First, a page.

Bleak unemployment figures would be even bleaker if they reflected the true number of those out of work — and even official rates serve as evidence that the country is falling deeper into a depression, says author, investor and longtime Wall Street observer James Dale Davidson.
The Labor Department reported Friday that the economy added no new nonfarm payrolls in August, leaving the unemployment rate flat at 9.1 percent. It was the first time since World War II that the economy had a net zero jobs created for a month, CNBC reported.
A look at methodology shows that the government tweaks the size of the labor market in order to make unemployment figures look better than they really are, says Davidson, a columnist for Newsmax’s Financial Intelligence Report newsletter.
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Furthermore, the economy needs to be adding hundreds of thousands of new jobs each month to really get the country moving along the road to recovery.
"There needs to be, or should be, an increase of 180,000 to 200,000 jobs monthly in order to keep the unemployment rate stable. That hasn't happened, and they're basically disguising that by reducing the labor force through statistical slight-of-hand," Davidson tells Moneynews.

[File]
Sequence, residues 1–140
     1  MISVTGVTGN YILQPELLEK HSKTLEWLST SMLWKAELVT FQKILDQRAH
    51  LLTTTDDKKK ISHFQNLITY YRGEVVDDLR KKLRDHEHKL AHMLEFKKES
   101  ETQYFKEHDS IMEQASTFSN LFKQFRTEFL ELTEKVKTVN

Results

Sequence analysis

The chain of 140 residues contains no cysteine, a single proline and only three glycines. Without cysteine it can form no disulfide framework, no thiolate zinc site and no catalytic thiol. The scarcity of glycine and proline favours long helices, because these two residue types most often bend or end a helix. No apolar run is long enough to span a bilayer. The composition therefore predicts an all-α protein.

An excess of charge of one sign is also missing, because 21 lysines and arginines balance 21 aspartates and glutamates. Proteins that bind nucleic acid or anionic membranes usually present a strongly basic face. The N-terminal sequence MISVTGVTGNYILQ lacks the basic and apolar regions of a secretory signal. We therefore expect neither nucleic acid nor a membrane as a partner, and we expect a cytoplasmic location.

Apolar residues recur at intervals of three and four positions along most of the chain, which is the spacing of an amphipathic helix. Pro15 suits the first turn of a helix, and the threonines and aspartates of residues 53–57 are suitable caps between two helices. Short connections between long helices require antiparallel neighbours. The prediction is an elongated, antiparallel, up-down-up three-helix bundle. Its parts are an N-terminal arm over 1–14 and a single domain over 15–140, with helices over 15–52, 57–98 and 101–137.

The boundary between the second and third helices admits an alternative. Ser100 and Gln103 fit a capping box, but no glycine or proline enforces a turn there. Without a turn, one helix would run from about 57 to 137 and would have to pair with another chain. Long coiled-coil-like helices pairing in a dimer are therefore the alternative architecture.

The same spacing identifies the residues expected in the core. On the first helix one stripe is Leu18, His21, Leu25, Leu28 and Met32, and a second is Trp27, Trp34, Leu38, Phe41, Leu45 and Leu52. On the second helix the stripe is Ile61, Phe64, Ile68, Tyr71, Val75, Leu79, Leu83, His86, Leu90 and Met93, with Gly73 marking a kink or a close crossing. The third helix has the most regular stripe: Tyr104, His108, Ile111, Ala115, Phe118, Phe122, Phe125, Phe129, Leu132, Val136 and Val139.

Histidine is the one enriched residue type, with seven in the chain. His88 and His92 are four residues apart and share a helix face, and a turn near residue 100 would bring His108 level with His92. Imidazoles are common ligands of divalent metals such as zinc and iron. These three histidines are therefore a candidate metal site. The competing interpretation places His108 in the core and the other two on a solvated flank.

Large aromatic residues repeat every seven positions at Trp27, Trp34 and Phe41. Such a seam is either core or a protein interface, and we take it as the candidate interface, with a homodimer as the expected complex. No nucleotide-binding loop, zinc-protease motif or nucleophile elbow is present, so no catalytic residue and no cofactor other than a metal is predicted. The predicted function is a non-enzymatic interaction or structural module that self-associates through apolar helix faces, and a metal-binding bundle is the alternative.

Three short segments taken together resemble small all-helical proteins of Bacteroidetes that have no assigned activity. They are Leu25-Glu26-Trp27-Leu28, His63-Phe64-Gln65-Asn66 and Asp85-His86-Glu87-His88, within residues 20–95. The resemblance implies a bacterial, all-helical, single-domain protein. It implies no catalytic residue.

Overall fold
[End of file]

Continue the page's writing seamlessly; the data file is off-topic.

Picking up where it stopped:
Without such revisions, unemployment rates would find themselves "up much more in the double digits," Davidson says.
Officially, the country has emerged from the recent recession although high unemployment figures and weak economic growth and other indicators have many second-guessing the pace of recovery.
Some say the economy never truly emerged from the recession at all, and most would agree that the economy is not in full recovery mode.
"Normally when you think of recovery, if you think of it in an analogy of someone who is ill, recovery is when you regain your health not when you cease getting worse," Davidson says.
"If you look at the statistics, basically we are sort of bottom-bouncing along a very low level of output," he said.
"I think we are going into a deeper stage of the depression that started back in 2008. I think this is basically a depression."
While August jobs numbers may have been weighed down by a Verizon workers strike, they still paint a picture of an economy that is far from robust and virile than it was just a few years ago.
Businesses aren't going to hire when they don't know where the economy is going, economists say.
"Business confidence surveys have uniformly pointed to businesses who are not laying off workers, but who are holding off on hiring while they wait for a clearer outlook — an outlook that became much cloudier and more volatile" beginning with the debt-ceiling battle in July, says Ellen Zentner, senior United States economist for Nomura Securities, according to the New York Times.
Even if the United States doesn't fall into a recession, sunnier days are still far away.
“We’ve got at least another 12 months of difficulty to go through,” says Steven Ricchiuto, United States economist for Mizuho Securities USA, the New York Times adds.
“I know that doesn’t help politicians who are worried about the elections.”
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